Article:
Reference Terms
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Public services

A public service is a service which is provided by government to people living within its jurisdiction, either directly (through the public sector) or by financing private provision of services.

The term is associated with a social consensus (usually expressed through democratic elections) that certain services should be available to all, regardless of income.

Even where public services are neither publicly provided nor publicly financed, for social and political reasons they are usually subject to regulation going beyond that applying to most economic sectors.

Public service is also a course that can be studied at a college and/or university.

Public services tend to be those considered to be so essential to modern life that for moral reasons their universal provision should be guaranteed.

They may be associated with fundamental human rights (such as the right to water).

The Volunteer Fire Dept. and Ambulance Corps. are institutions with the mission of servicing the community.

A service is helping others with a specific need or want.

Here, service ranges from a doctor curing an illness, to a repair person, to a food pantry.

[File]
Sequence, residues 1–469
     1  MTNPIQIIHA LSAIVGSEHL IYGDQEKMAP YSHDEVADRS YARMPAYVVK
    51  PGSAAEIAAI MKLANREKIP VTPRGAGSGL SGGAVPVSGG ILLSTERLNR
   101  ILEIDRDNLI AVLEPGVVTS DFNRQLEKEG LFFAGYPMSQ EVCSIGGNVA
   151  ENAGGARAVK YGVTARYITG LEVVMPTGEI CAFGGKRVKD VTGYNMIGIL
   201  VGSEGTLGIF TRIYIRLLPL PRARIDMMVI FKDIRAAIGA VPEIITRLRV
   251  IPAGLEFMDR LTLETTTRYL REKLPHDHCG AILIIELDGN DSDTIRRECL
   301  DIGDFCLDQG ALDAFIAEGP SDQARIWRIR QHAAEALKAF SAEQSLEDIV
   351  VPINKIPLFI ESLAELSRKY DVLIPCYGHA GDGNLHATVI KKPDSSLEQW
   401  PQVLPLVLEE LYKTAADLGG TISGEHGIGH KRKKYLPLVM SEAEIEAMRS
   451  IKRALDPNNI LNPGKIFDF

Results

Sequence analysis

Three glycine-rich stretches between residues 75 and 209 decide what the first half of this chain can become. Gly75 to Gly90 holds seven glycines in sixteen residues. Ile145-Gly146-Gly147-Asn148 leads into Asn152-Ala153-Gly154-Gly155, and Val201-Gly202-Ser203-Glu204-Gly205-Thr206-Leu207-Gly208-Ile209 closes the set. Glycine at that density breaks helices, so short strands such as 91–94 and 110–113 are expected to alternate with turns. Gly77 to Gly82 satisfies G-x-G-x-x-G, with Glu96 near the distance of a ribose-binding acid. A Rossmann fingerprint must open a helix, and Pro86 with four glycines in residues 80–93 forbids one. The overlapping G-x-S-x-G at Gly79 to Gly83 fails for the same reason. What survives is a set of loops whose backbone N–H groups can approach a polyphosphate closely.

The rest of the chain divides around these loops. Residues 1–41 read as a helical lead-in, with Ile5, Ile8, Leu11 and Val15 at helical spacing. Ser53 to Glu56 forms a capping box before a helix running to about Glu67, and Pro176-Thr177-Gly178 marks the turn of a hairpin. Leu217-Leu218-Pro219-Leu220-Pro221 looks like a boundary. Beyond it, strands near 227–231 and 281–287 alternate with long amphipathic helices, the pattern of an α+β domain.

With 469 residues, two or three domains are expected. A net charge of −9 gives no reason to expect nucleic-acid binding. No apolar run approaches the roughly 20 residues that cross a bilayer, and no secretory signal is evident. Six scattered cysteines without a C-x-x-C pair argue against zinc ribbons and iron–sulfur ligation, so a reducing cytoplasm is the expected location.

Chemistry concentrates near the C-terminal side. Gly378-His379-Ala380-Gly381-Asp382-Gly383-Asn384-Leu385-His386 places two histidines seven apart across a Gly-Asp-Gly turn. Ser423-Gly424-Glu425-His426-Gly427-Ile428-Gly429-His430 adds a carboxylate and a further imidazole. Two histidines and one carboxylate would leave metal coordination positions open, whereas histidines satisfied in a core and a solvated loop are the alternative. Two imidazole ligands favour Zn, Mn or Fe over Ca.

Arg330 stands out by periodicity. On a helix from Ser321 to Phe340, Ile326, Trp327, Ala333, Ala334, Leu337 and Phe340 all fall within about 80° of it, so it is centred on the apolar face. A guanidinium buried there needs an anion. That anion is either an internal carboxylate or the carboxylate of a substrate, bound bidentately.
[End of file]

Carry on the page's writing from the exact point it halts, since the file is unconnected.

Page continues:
A public service may sometimes have the characteristics of a public good (being non-rivalrous and non-excludable), but most are services which may (according to prevailing social norms) be under-provided by the market.

In most cases public services are services, i.e. they do not involve manufacturing of goods.

They may be provided by local or national monopolies, especially in sectors which are natural monopolies.

They may involve outputs that are hard to attribute to specific individual effort and/or hard to measure in terms of key characteristics such as quality.

They often require high levels of training and education.

They may attract people with a public service ethos who wish to give something to the wider public or community through their work.

Note:   The above text is excerpted from the Wikipedia article "Public services", which has been released under the GNU Free Documentation License.
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May 4, 2015

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